In my previous column I shared some of my negative experiences as a freelance writer, specifically with scams designed to milk you of money and exploit your time and talent.
But there is a bright flipside to that dirty coin.
I confess, there is only one period in my long career where I actually made a living as a full time writer, which is rare. I was subcontracted by a big company (that will remain unnamed) for which I wrote “click bait” web content on a variety of assigned topics, basically researching the subject daily, then creatively cribbing from them to create my own plagiarized-yet-disguised version.
The main purpose of this online strategy – like many similar blogging networks – was to sucker browsers into clicking on the many sponsored ads embedded in each article. Nothing unethical about that. This is how web-based magazines make their money, just like their revenue-challenged print equivalents.
This company paid extremely well. In fact, that year I made more money than I have in my entire life – writing. There was nothing creatively rewarding about the work. In fact, it could get quite tedious and grueling. But I could do it all from home, meaning I didn’t have to take my work home with me. It was just there when I woke up in the morning, the ideal “commute.”
Then I began reading rumors that the company was being accused of using what’s known as “bots” to click on the ads, leading their clients to believe they were generating a lot more traffic than they actually were.
At first I dismissed them, mostly out of fear I’d lose this dream gig. But then one day I got a text message that the company was going under and I was being let go. Just like that.
The company soon merged with another, and I was re-hired, though at lesser rates with fewer assignments. But a few months older that deal imploded as well.
After improbably recovering from the loss of my previous, twelve-year career as a film programmer, which also ended quite abruptly when the company folded, I was back to square one.
From Bots to "Mr. Robot"
At the time Christian Slater was still moving ahead with his option of my novel Love Stories Are Too Violent For Me. But then he got a TV series and had to postpone the project “indefinitely.”
Devastated, I secretly hoped his new show would fail so he could resume our project. It was cancelled after five episodes aired. But then he almost immediately scored another one, Mr. Robot, which is now a critical and commercial hit. I am very happy for him. He’s a good guy, at least in my experience.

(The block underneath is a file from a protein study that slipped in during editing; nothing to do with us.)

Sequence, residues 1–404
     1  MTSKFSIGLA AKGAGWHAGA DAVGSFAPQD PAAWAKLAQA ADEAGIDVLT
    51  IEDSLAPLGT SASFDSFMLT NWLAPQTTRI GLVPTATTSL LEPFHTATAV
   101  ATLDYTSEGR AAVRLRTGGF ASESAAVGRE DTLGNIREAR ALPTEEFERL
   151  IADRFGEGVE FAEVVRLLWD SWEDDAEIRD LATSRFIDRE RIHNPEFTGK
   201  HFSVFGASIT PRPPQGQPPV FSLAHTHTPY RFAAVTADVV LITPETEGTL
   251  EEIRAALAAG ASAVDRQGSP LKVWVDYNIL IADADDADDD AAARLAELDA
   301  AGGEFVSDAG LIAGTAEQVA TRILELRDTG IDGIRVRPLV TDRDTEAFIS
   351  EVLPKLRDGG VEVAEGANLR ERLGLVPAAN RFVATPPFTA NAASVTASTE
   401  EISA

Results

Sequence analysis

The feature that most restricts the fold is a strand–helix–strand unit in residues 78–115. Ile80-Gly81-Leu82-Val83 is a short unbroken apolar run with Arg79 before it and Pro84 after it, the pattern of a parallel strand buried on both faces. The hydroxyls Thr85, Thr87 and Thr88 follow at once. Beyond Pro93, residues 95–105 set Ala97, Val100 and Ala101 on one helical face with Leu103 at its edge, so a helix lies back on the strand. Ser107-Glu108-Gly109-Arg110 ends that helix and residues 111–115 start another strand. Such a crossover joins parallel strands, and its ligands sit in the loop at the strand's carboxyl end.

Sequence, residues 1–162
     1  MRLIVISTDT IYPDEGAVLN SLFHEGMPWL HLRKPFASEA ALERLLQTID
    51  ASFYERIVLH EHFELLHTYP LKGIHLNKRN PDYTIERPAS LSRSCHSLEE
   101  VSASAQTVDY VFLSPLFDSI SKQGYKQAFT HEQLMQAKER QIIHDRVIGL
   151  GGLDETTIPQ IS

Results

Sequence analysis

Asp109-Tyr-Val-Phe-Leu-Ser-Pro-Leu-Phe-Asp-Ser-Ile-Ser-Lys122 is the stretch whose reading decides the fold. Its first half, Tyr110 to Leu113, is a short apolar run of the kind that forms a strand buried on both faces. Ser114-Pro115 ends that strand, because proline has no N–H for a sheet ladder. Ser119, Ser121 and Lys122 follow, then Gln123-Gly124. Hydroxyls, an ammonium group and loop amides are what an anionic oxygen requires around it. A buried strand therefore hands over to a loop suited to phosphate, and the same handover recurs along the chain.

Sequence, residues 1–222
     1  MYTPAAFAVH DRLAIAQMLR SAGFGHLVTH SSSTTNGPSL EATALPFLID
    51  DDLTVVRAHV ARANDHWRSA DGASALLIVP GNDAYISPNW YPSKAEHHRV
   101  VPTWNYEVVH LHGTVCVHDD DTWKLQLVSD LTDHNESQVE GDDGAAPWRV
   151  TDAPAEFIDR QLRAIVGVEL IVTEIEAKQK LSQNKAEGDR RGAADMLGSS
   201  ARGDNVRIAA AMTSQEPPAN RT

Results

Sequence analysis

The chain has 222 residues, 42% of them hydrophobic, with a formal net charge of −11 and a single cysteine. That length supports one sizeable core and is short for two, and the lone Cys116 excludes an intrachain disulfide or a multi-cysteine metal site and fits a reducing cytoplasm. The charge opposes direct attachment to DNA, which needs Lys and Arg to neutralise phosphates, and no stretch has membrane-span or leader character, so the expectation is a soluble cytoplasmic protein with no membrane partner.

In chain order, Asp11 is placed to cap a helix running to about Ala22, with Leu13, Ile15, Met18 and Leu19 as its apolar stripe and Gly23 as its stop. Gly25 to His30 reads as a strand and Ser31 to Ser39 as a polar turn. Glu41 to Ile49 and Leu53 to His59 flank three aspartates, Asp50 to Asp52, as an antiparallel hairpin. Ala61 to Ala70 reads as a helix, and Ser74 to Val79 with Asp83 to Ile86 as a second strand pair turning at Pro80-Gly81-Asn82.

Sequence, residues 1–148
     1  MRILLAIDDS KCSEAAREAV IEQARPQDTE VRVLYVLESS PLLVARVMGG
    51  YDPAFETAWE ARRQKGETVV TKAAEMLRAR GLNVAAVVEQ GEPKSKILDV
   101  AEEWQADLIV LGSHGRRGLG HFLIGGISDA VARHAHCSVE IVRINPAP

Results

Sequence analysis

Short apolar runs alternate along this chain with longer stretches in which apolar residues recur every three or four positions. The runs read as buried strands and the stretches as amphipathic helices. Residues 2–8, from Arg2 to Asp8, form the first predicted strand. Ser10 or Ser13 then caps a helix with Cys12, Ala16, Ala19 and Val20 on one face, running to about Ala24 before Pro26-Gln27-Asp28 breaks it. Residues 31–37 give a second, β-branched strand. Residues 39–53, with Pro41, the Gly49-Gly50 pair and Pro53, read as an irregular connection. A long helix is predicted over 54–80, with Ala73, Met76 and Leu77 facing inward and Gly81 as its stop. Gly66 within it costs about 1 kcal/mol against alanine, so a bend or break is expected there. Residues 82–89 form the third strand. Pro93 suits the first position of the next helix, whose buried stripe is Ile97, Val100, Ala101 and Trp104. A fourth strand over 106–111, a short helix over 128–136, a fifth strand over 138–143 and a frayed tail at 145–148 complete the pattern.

But his “comeback” does nothing for me. At least not so far.
So I decided to do something proactive to change my life, rather than relying on others to improve my situation. We sold our condo in the Bay Area and moved to Seattle, an epic relocation, logistically speaking, but well worth it. I am much happier and more productive here than ever before, having already written and published two novels, in addition to starting my own imprint, and my wife is also finally pursuing her academic dreams by studying for her PhD in the University of Washington School of Drama.
I had a lot of trouble finding steady work when we first moved here, and our profits from the condo sale were rapidly dwindling. I was rejected for basically every type of job I applied for, possibly due to the fact I’m a middle-aged pulp writer without any formal education.
After the initial rush of my newly inspirational environment, which is very important for any artist, my spirits were rapidly sinking all over again.
Happy Ending - Just Beginning
But now, over two years later, I make decent cash doing something I really enjoy – dog walking!
So what about my original career goals?
Well, I’m being flown to Costa Rica next year, all expenses paid, to conduct workshops at a writer’s retreat; a French publisher has expressed interest in my fiction; and I have two short stories coming out in two different anthologies – at the request of the respective editors.
I was also re-hired by a former Bay Area movie theater client as the administrator of the Facebook page, in addition to writing their newsletter, promoting special events, etc., since I could still do all that from my remote residence. In fact, it's a new iteration of the theater I once worked for, run by different owners.
And as for my fate as a star-crossed freelance blogger?
You’re looking at it.
PHOTO: WILL VIHARO (IMAGE BY DYER WILK)